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Marcella LeBeau: A Lakota warrior


Cheyenne River Sioux Tribe legend Marcella LeBeau (Photo Courtesy of USA Today)

Marcella LeBeau, is a 102 year old member of the Cheyenne River Sioux Tribe, Eagle Butte whose Lakota name is Wignuke Wate Win (Pretty Rainbow Woman). Perhaps one of the oldest Native Americans in the Great Plains, she is still spry, extremely alert, humorous and very kind – epitome of what our elders are supposed to be.

She served in the U.S. Army Nurse Corps as First Lieutenant, where she earned six medals. She was stationed with the 76th General Hospital Unit and provided care for those injured in the Normandy landings.

In 2004, LeBeau was awarded the French Legion Medal of Honor for her service and dedication during WW2.  “The President of France was there. That was something” she gently smiled. “I don’t know why they picked me when so many others did so much more.”

After she returned to South Dakota, LeBeau worked as a nurse practitioner with the HIS for 31 years, the director of nursing at the Eagle Butte Hospital.  She continued to influence policy outside of her nursing career as a founding member of the North American Indian Women’s Association and on the Tribal Council from 1991-1995.  During that time, she ushered a smoke-free policy for tribal buildings and influenced the Tribe to become the first in South Dakota of pass a smoke-free-air act in 2015.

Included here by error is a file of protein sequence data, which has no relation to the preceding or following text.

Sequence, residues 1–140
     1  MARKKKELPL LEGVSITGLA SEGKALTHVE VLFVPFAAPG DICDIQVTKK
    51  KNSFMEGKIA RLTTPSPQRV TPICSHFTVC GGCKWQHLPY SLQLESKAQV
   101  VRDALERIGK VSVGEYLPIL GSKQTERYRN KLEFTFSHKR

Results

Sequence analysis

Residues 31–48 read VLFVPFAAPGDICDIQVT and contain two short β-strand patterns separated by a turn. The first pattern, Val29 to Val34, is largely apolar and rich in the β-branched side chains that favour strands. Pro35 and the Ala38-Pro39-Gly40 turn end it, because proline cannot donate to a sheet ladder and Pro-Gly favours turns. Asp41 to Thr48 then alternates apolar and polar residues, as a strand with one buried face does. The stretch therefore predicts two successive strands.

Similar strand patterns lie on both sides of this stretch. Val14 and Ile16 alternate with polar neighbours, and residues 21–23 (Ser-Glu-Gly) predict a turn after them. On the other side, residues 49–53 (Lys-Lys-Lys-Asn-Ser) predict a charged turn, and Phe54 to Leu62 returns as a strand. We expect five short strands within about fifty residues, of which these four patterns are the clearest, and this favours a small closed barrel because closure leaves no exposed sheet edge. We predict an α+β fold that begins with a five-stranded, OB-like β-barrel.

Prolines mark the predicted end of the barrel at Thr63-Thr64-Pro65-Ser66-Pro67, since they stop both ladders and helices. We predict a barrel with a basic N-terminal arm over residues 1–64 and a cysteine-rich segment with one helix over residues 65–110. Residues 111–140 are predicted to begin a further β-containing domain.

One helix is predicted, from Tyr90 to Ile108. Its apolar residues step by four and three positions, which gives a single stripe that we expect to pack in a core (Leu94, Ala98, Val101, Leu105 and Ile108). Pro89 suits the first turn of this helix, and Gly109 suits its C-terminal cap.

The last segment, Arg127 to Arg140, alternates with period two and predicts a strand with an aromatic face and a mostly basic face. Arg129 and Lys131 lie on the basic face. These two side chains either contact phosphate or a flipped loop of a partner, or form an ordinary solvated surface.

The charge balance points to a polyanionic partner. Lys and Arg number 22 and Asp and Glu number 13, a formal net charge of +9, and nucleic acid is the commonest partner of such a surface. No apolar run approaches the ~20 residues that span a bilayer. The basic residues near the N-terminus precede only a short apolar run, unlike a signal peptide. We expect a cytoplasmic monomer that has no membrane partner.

Most recently, LeBeau helped introduce the Remove the Stain Act, legislation to revoke the Congressional Medals of Honor given to soldiers who took part in the 1890 Wounded Knee Massacre. “I read an article by Tim Giago about what a disgrace it was for these killers to be honored by the Nation’s highest award, and I decided we had to do something about it,” she said.

In addition to recently being inducted into the National Native American Hall of Fame, LeBeau was inducted into the South Dakota Hall of Fame in 2006 and has received a lifetime achievement award from South Dakota State University, an honorary doctorate in public service from South Dakota State University in 2018.  In 2021, USA Today named her as one of the most influential Women of the Century.  “Who would think that a little girl from Promise would be honored this way,” she remarked.

The respected elder has some words of wisdom.  “Having gone through boarding school and not being taught my history, I would say to our young people, learn the true Indian history and follow in the steps of our ancestors.”

(Contact Clara Caufield at sales2@nativesunnews.today)

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